15Question 3A customer brings in a broken hose assembly. What steps should you take to identify the hose type?Select the best answer, then click Submit.A. Inspect the hose for a layline identifier such as manufacturer, or hose specificationsB. Ask the customer what application the hose assembly was used onC. Inspect a cross section of the hose for a spiral or braided patternD. All of the aboveMultiple Choice, two attempts, fixed option sequence, do not score responseCorrect Answer: ACorrect Feedback: That is correct. Click on the screen to continue.Retry Feedback: That is not correct. Select again and click Submit.Incorrect Feedback: That is not correct. The correct answers is A. Click on the screen to continue.Submit15
16Now that you’ve reviewed hose identification, let’s now learn how to determine what connection to use on each end of the replacement assembly.Selecting the right connector starts by knowing what types of connectors to look for.Here is a list of popular connector types: (click on each for more detail)NPTF: National Pipe Tapered Fuel (LINK TO SLIDE 23)JIC: SAE J Deg Flare (LINK TO SLIDE 20)ORFS: O Ring Face Seal SAE J1453 (LINK TO SLIDE 21)Flange:BSP: British Standard Pipe (BSPP Parallel & BSPT Taper) (LINK TO SLIDE 19)JIS:Metric/Komatsu: DIN 3902 & Komatsu (LINK TO SLIDE 22)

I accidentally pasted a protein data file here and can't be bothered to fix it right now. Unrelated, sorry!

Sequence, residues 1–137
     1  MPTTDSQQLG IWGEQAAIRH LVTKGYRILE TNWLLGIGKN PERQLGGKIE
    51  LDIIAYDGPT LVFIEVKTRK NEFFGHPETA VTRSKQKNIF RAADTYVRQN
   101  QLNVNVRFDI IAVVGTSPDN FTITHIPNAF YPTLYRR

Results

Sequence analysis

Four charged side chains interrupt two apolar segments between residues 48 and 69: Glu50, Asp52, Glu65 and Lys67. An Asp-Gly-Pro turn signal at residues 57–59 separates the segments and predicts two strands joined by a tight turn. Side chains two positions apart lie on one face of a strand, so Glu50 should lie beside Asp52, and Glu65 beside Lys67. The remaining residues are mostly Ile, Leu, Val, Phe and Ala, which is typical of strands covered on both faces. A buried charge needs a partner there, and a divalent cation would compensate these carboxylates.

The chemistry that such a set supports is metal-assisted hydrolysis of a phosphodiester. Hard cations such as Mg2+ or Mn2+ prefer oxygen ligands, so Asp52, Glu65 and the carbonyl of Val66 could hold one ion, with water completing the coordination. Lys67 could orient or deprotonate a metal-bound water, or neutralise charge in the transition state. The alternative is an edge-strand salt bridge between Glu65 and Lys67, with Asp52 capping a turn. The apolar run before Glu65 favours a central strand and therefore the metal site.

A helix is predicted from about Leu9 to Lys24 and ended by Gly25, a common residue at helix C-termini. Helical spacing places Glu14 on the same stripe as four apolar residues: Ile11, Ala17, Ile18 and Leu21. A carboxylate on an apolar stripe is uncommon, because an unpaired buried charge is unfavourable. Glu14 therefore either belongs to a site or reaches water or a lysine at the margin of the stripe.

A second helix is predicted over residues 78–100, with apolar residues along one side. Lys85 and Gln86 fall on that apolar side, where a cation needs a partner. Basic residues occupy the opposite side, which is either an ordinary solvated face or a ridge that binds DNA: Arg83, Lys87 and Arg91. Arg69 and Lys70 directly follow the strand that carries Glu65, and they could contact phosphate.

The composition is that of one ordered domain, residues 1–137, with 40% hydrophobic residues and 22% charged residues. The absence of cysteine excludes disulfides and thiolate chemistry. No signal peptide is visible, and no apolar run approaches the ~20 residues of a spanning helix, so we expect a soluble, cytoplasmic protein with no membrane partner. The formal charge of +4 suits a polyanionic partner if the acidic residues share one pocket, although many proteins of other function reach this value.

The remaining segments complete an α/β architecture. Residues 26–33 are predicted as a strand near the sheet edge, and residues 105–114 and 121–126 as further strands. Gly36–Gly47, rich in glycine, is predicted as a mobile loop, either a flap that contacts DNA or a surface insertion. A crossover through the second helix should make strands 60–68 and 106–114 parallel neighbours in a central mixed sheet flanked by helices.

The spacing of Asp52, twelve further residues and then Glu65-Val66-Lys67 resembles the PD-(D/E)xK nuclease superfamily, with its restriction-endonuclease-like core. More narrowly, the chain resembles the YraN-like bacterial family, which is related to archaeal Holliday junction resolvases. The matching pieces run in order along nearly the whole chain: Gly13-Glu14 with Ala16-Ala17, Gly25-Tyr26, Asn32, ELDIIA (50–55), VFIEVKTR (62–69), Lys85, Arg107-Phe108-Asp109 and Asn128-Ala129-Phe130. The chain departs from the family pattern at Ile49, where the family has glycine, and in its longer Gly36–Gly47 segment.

17British Standard Pipe Parallel British Standard Pipe Tapered Parallel (straight) thread with a constant diameter - The BSPP thread is parallel and the male has a 30° flare seat which seals with a BSPP female on its 30° cone seat. The threads hold the connection mechanicallyThe BSPP is similar to NPSM connections with exception of the thread pitch, which that is different in most sizes.• The BSPT male thread has tapered threads and a 30° inverted seat. The seal takes place by thread distortion.• The BSPT male mates with a BSPT Female usually found as a port connection.• The BSPT is similar to but not interchangeable with NPTF. The thread pitch is different in most sizes and the thread angle is 55° degrees.